Think that roads are reserved for California rental car drivers? Think again! Four legs are just as common as four wheels on the streets of California, a realization that can often lead to some unexpected situations. According to statistics, a vehicle collides with some form of wildlife on the road an average of once every 39 minutes. What’s more, approximately 200 motorists die in the United States each year from unexpected animal encounters.
Here in California, accidents involving animals are relatively common. As such, it’s important that all of our customers understand what they should (and shouldn’t) do if ever they encounter an animal on the road.
A Word About Wildlife Crossing Areas
While an animal could cross any road at any time, government officials spend a great deal of time and effort trying to pinpoint locations where animals are most likely to test their luck with traffic. In most cases, wildlife crosses are established after repeated observations of animals crossing a small section of roadway or when a section of roadway shows an unusually high rate of vehicle-animal collisions. California officials also try to protect established wildlife corridors (i.e. document game trails or mating areas) in order to reduce animal fatalities and ensure a safer commute for California drivers.
When behind the wheel of your California rental car, remember to keep your eyes peeled for yellow wildlife warning signs. Shaped like diamonds, these signs warn of the potential dangers of an animal crossing ahead. While these signs don’t require a driver to slow down to a particular speed, they’re often accompanied by a speed limit sign advising drivers to slow down. Ease off the gas and pay closer attention to your surroundings once you spot one.
To Swerve or Not To Swerve?
If an animal were to suddenly jump out in front of your California rental car, would you know what to do? In the event of an animal encounter, you’ll need to think fast. Is it safe to swerve? When sharing the road with wildlife, it’s crucial that you never, ever take unsafe evasive actions. Instead, your first line of defense should be to slow down. Swerving to avoid contact with an animal could cause you to lose control of your California rental car, potentially taking you into the path of an oncoming vehicle.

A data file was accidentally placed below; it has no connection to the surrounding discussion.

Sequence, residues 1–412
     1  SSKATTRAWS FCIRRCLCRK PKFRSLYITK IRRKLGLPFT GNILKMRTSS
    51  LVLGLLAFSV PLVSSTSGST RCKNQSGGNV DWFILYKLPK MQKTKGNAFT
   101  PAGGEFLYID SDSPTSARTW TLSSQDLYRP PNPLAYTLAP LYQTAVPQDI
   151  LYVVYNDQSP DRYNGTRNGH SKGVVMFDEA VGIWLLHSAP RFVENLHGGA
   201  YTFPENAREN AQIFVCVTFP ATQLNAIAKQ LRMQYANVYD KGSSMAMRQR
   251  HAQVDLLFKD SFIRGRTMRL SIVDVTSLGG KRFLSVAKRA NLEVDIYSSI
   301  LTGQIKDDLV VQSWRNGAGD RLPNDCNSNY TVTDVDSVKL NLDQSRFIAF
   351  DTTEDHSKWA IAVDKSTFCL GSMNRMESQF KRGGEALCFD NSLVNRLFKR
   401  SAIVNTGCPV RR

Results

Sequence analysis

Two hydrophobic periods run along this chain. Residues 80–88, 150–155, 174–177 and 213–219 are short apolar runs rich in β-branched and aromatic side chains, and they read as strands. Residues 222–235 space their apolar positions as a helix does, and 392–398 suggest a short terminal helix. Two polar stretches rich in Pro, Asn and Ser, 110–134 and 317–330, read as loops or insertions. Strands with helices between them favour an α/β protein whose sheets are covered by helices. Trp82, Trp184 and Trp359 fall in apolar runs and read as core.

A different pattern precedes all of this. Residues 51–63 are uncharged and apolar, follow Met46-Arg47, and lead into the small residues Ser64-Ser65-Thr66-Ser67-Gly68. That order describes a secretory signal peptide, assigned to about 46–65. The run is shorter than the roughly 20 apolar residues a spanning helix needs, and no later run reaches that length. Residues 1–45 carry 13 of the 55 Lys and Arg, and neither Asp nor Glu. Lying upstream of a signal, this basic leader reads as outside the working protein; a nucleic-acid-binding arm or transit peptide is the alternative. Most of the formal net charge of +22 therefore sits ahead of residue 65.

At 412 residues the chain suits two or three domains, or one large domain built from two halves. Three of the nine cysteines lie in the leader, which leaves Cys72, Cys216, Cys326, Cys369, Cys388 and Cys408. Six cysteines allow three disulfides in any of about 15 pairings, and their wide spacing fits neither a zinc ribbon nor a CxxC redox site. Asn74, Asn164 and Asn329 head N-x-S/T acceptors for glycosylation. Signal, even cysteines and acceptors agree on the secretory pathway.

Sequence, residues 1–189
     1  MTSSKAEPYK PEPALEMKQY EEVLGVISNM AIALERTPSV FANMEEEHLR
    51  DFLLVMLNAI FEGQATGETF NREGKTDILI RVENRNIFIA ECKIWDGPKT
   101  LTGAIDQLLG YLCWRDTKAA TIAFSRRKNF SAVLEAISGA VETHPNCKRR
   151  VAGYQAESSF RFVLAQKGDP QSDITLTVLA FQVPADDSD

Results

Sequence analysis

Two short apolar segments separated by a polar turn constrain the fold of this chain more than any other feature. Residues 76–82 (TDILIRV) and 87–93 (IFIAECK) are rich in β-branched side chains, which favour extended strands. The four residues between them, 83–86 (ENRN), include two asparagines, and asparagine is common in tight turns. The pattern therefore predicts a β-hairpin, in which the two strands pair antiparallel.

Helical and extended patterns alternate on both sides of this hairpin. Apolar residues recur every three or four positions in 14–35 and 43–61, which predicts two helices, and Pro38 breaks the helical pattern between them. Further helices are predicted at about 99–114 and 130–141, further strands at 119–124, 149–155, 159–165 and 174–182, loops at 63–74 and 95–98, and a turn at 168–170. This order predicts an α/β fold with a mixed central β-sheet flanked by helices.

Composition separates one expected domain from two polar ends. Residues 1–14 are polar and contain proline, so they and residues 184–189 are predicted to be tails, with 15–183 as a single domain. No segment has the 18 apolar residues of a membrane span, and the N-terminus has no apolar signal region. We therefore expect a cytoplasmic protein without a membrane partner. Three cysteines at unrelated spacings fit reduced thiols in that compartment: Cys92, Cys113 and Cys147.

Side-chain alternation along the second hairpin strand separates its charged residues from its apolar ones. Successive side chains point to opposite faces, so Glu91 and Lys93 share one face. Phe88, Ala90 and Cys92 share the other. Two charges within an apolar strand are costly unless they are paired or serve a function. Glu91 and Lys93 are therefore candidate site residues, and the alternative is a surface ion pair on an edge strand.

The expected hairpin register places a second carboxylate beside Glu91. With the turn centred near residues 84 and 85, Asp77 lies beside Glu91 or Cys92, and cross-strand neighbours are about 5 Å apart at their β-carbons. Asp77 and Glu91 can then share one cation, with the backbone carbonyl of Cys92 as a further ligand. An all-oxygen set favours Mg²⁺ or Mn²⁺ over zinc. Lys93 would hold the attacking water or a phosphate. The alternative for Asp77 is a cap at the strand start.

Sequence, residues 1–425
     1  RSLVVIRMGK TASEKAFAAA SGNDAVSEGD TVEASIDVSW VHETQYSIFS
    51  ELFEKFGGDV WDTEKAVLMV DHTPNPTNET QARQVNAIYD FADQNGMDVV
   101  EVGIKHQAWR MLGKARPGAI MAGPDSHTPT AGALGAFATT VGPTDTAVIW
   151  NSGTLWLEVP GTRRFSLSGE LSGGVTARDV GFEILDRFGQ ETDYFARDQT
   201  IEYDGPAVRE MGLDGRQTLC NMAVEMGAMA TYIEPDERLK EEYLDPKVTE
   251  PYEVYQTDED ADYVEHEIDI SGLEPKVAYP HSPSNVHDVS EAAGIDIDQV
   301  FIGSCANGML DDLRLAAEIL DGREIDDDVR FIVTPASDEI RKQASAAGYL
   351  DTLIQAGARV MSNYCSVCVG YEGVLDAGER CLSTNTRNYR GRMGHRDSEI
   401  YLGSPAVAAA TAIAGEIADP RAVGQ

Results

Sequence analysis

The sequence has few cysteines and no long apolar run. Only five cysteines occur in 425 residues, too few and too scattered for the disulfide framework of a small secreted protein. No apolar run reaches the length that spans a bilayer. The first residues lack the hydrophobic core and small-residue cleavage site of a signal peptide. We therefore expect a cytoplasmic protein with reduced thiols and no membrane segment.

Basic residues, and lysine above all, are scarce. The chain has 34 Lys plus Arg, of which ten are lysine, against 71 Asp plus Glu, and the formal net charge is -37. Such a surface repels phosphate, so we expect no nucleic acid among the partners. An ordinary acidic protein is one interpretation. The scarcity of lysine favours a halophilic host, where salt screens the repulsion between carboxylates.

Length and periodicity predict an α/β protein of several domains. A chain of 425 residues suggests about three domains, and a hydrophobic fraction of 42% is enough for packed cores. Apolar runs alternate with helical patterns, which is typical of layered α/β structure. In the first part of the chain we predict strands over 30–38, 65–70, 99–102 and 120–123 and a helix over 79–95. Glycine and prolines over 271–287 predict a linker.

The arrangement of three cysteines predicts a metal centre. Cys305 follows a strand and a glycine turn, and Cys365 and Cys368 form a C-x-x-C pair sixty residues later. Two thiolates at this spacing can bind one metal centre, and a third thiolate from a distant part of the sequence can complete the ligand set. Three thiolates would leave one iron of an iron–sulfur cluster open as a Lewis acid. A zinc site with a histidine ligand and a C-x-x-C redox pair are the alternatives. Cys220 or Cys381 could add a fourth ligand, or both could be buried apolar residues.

That being said, there are a few exceptions to this rule. For example, if a bear or moose were suddenly to step out in front of your California rental car, swerving could be your only chance at survival. A collision with an animal of this size (a moose can weigh up to 1,200 pounds), carries a significant risk of injury or even death. If a crash with an animal of this size in unavoidable, do your best to brace yourself for the impact. Crouch as low as possible in your seat, or even under the dash. The force of the animal’s body against your windshield could potentially crush your vehicles roof, never mind you.
If possible, aim for the spot where the animal is coming from, rather than where it is going. To do this, look behind the animal. California rental car drivers tend to drive where they look. If you’re looking directly at the animal, you’re more likely to hit is square on rather than give it a glancing blow. Try to brake firmly and quickly. If possible, let your foot off the brake just before you hit the animal. This will cause the front of your California rental car vehicle to rise slightly, reducing the chances of the animal coming through your windshield.
What to Do If You’ve Been in an Animal Collision
This will depend a lot on where you are, what type of animal you’ve hit and the amount of traffic that’s on the road. In most situations, you should always try to pull off to the side of the road. Engage your hazard lights and do your best to point your lights at the dead or injured animal. If the animal is still alive, stand back. A wounded animal can be very dangerous. Contact the local police service to report the accident and request further assistance from animal control officers.
As a California rental car customer, it’s worth noting that your chances of colliding with an animal while behind the wheel are constantly increasing. According to recent research:
- There are more whitetail deer – the most common big-game species – in the United States today than ever before.
- There also a record number of vehicles on the road today.
- The habitat for wildlife has shrunk to its smallest size ever.
These trends have caused the number of animal collisions to increase dramatically in the past decade. In fact, it’s estimated that one out of every 17 car collisions involves some form of wandering wildlife. Avoid adding to these statistics during your upcoming California rental car vacation and reduce your chances of colliding with an animal by driving safely and defensively.